• Views 824
  • Favorites
Photo by Annie Spratt via Unsplash

Database Provider


Poetry Writing


9th, 10th, 11th, 12th


English Language Arts


90 minutes

Regional Focus



Google Docs, Google Slides


This lesson plan is licensed under Creative Commons.

Creative Commons License

Deforestation Odes and Elegies

Created By Teacher:
Last Updated:
Apr 21, 2024
Ask a Question


In this lesson, students learn about deforestation and climate change and respond by writing an ode or an elegy.


Step 1 - Inquire: Students watch a video showing deforestation and pick one region to further research the effects of climate change.


Step 2 - Investigate: Students learn the differences between an ode and an elegy and write a poem to the lost forests.


Step 3 - Inspire: Students share their poems and investigate possible solutions to deforestation.

Accompanying Teaching Materials
Teaching Tips


  • This lesson can be used as a standalone or as a lesson in a poetry unit.

  • Students are given voice and choice.

  • Students create their own poetic response to a real-world challenge.

Additional Prerequisites

  • Students should have some basic understanding of poetry.

  • Students should have a basic understanding of deforestation and its connection to climate change.


  • This lesson is easily adaptable to Advanced Placement or honors level classes by including other literary and language elements in the poems such as juxtaposition, oxymoron, consonance, assonance, enjambment, alliteration, and personification.

  • Students can write each stanza in a different meter or rhyme. Examples include iambic pentameter or ABBA rhyme scheme.

  • Teachers can split the lesson in two and focus on an ode in the first lesson and an elegy in the second.

  • Students can write both an ode and an elegy and compare the differences in writing, tone, and overall effect.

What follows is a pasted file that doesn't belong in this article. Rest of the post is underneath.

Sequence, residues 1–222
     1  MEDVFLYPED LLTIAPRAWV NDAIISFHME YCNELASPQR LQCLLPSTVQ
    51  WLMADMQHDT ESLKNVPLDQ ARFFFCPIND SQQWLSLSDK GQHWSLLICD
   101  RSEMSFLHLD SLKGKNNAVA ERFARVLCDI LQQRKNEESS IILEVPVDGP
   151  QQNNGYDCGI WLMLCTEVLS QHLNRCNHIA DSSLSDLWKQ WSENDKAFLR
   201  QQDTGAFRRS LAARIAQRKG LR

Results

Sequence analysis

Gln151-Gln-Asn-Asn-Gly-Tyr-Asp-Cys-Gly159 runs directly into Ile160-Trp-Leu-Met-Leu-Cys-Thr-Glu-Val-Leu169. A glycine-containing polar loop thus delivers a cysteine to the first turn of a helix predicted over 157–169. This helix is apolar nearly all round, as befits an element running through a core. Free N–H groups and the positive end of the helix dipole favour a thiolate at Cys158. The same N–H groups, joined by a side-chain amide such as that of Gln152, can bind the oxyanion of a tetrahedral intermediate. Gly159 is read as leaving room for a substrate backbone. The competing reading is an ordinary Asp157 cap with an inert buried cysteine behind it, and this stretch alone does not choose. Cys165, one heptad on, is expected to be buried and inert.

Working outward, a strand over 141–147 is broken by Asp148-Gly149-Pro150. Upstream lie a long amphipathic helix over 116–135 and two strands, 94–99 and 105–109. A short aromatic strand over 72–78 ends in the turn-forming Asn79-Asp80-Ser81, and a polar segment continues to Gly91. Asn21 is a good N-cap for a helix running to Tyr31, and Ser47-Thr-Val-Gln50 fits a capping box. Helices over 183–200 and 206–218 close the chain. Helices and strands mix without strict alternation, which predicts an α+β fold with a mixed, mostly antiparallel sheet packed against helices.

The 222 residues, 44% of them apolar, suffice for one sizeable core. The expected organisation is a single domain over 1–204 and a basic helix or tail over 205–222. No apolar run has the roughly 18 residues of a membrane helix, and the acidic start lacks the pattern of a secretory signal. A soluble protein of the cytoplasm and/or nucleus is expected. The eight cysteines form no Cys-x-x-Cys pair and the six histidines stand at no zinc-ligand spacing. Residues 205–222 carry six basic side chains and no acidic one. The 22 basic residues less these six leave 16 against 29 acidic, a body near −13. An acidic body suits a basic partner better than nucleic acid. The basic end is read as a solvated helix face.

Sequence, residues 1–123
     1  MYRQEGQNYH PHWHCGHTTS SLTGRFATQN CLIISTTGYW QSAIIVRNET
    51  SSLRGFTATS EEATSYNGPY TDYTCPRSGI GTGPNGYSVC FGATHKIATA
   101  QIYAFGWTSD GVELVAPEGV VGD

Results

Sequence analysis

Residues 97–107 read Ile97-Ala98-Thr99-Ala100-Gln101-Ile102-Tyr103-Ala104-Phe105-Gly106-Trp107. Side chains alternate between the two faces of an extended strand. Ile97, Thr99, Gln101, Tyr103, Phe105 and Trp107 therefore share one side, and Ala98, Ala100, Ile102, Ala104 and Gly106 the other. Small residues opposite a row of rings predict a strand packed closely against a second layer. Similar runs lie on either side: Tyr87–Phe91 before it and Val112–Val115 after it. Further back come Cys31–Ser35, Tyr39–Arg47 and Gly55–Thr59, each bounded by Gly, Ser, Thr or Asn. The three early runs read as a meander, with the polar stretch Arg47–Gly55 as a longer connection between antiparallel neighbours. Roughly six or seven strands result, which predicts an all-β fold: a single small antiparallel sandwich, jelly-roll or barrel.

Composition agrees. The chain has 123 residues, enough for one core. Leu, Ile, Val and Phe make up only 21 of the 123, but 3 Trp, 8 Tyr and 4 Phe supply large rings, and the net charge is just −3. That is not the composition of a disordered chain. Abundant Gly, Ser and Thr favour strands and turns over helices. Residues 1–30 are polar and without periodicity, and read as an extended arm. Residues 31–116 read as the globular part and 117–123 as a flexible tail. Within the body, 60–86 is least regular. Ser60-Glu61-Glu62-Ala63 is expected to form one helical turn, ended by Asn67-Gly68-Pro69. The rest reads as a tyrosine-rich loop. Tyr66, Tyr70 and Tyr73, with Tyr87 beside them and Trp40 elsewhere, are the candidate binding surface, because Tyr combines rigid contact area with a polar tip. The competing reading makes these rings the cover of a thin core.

• Social studies, civics, and economics classes can extend this topic to social justice, socioeconomic class, and cultural impacts of deforestation within each specific region.

  • Student poems can be shared outside of the classroom in the school newspaper or a community newsletter, on a class or teacher website, on school display boards, or in extracurricular poetry or environmental clubs.

Scientist Notes

This lesson empowers students to understand what deforestation entails and how they can write poems to express their feelings of grief, respect, emotion, and valor in combating deforestation in their community. All materials used in the lesson have been verified and are suitable for teaching. In this light, this lesson is credible and recommended for the classroom.


This resource addresses the listed standards. To fully meet standards, search for more related resources.

Supporting Standards

  • English Language Arts
    • Language (K-12)
      • L.KL.9–10.2 Apply knowledge of language to make effective choices for meaning, or style, and to comprehend more fully when reading, writing, speaking or listening.
      • L.VI.9–10.4 Demonstrate understanding of figurative language, word relationships, and nuances in word meanings, including connotative meanings.
      • L.KL.11–12.2 Apply knowledge of language to understand how language functions in different contexts, to make effective choices for meaning or style, and to comprehend more fully when reading or listening.
    • Writing (K-12)
      • W.NW.9-10.3 Write narratives to develop real or imagined experiences or events using effective technique, well-chosen details, and well-structured event sequences.
      • W.NW.11-12.3 Write narratives to develop real or imagined experiences or events using effective technique, well-chosen details, and well-structured event sequences.

Note On Standards:

This lesson is aligned to SubjectToClimate standards. Review the aligned standards directly in the lesson plan document and teacher slideshow.

Discover more on SubjectToClimate.
Related Resources


Login to leave a review
  • I did a shortened version of this lesson with 10th graders, about 30-40 minutes. I went over the definition of odes and elegies, played the video, and then we discussed the video, researched a forested area for 8 min, and gave them time to write an ode or elegy. This worked well within a larger poetry unit. The 10th graders seemed to be engaged in the video, attentively watched it, and we discussed how deforestation seems so damaging, especially with both visual browning and construction sounds in the video. The lesson seemed to be memorable and helped students to really understand what an elegy is. Several students struggled with finding information and putting that information productively into the poem. Only a few finished entire poems within the time period. There was also a bit of confusion because some students thought an ode meant praising deforestation, not the forest itself. I would use this lesson again, and perhaps give more time to think through the writing and application of info to poetry.
    6 months ago